MasterChef S’pore S3 Winner Johnathan Chew Creates Rojak-Flavoured Grilled Bun With Popular Online Bakery - 8 Days Skip to main content

MasterChef S’pore S3 Winner Johnathan Chew Creates Rojak-Flavoured Grilled Bun With Popular Online Bakery

The Thai-style grilled milk buns with a mod Sin twist are available for a limited period only. 
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Fans of MasterChef Singapore season 3 winner Johnathan Chew (right in pic) can soon try his creations. The 23-year-old has teamed up with online bakery The Bun Club to create three limited-edition flavours of their Thai-style grilled buns for sale: Mango, Chestnut and Rojak.

Made using The Bun Club’s house-made Japanese milk bread (shokupan) rolls and piped with French pastry cream filling infused with various flavours, the bakes are inspired by the famed breads from street food stall Yaowarat Toasted Buns in Bangkok’s Chinatown (Yaowarat).

The buns will be available via The Bun Club from September 22 to October 31.

Johnathan and The Bun Club towkay Wong Wee Man (left in first pic), 24, have known each other for years. Johnathan is a fan of the latter’s buns and has always been keen to work with the online bakery. The opportunity came when they were both invited to run food stalls at a recent charity event.

“I felt that if we want to do a collaboration, we could use the event to test the new flavours and see what the public response was, so we decided to work together,” Johnathan, a third-year NUS dental student, tells 8days.sg.

This is his first collaboration after his MasterChef Singapore win in July. He is also an “on demand private chef” and runs his own home-based business The Battered Boy selling bakes like pound cakes and fruit tarts, both of which are “pretty ad hoc” at the moment.

From top: Chestnut, Rojak and Mango buns

The flavours feature a mix of Johnathan’s two passions: desserts and modern Singaporean cuisine. The unusual Rojak bun is a variation of his rojak cream puff, which he serves at his private dining sessions. Instead of simply adding rojak into the bun, it is filled with pastry cream mixed with fermented shrimp paste, century egg bits, and topped with roasted peanuts. 

“When I suggested doing a Rojak bun, Wee Man was very skeptical. He was like ‘Are you trying to ruin my business?’,” laughs Johnathan.

“He was very biased against it, but I really wanted to fight for it.”

And he’s glad he did. Response to the flavours was “very good” during the charity event, so they decided to offer them at The Bun Club. “A lot of people bought the Rojak bun ‘cos they were curious,” shares Wee Man.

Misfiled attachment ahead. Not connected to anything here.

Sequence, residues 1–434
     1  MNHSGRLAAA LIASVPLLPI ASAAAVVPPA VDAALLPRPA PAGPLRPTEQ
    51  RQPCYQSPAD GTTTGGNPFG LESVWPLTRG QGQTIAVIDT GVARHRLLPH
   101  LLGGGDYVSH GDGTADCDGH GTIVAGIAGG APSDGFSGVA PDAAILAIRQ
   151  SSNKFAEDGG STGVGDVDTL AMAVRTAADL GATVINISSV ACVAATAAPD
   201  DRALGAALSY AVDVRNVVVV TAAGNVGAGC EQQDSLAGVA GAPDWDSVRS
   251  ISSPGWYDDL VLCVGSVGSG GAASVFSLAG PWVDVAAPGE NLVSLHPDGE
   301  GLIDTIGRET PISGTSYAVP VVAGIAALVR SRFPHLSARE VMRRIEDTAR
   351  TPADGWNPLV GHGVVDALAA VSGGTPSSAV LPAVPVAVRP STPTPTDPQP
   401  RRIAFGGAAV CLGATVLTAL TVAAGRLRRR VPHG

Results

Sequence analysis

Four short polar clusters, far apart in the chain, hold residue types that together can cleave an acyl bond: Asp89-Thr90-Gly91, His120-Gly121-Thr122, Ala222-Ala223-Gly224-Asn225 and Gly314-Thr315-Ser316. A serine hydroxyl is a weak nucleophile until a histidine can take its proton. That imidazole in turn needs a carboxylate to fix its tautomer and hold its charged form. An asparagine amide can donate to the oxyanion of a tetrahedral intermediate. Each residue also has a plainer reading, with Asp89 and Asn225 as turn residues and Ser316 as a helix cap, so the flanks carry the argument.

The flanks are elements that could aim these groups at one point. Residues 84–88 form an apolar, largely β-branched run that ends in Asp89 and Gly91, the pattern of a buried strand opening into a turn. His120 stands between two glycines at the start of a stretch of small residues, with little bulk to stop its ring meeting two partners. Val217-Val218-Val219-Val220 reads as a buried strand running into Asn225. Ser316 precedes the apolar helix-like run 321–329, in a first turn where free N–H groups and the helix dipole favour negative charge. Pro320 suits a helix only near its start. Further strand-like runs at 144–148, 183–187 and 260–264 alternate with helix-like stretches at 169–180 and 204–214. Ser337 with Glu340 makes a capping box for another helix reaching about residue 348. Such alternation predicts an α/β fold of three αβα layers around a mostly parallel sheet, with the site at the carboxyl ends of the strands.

The buns will be prepared by The Bun Club team and Johnathan will help out when his schedule permits.

“I am still studying so I don’t have the capacity to do it daily,” he reasons. While Johnathan plans to become a dentist full-time, he also hopes to open an ice cream shop after he graduates.

“It’s 2022, you get to pursue different passions you have and I am very grateful for the opportunity. It hasn’t been done before, at least not to my knowledge, but my eventual goal is to start a business integrating the two fields together,” he says. Possibly an ice cream parlour within a dentist’s clinic? Now that would certainly be a first.

The buns are available at $6.50 each or as a set of three ($19) or six ($36). You can also build your own box by mixing them with The Bun Club’s existing seven flavours such as Thai Milk Tea, Pandan Kaya, and Biscoff, which are priced at $4.50 each.

Taste test

Mango

The Yaowarat grilled bun, a sweet and messy street snack, usually comes loaded with runny sauce or spread. But instead of square white dinner rolls, The Bun Club uses Japanese milk bread (shokupan), which is made from scratch.  

The soft, chewy buns are buttered and grilled till crisp with a slight char, then piped with a generous amount of pastry cream mixed with mango puree and sprinkled with desiccated coconut flakes. It’s like a mango cream puff but in bun form and our favourite of the lot. We like that the silky filling is zippy and not too sweet. Simple and hits the spot.

Chestnut

This flavour is inspired by the Paris Brest, a classic French pastry sandwiched with hazelnut cream, or sometimes chestnut puree. Though the filling — chestnut paste folded into pastry cream — here is a little light, the roasted chestnut chunks on top help perk things up. Not bad, but those with a stronger palate might be disappointed.

Rojak   

This sweet-savoury bun is rojak in every sense of the word. Fermented shrimp paste and century egg bits are mixed into the cream filling, and the bun is topped with roasted peanuts and salted potato chips (they experimented with you tiao but they turned soggy too quickly).

The combination might seem odd, but is not as funky as it sounds. While we could taste a hint of the pungent century egg, the shrimp paste, which is the essence of rojak, was sorely missing. Wee Man explains that they had toned it down after feedback that the cream was too spicy. Nonetheless, the mix of flavours is quite interesting. We especially like the crunch and saltiness the chips add to the snack.

You can watch the first episode of MasterChef Singapore Season 3 below:

The three limited-edition flavours will be available at www.thebunclubbakes.com from Sept 22 till Oct 31. Self-collection available from 11am to 3pm at #B2-04 The Promenade@Pelikat, 183 Jln Pelikat, S537643. More info on Instagram.

Photos: 8days.sg, The Bun Club

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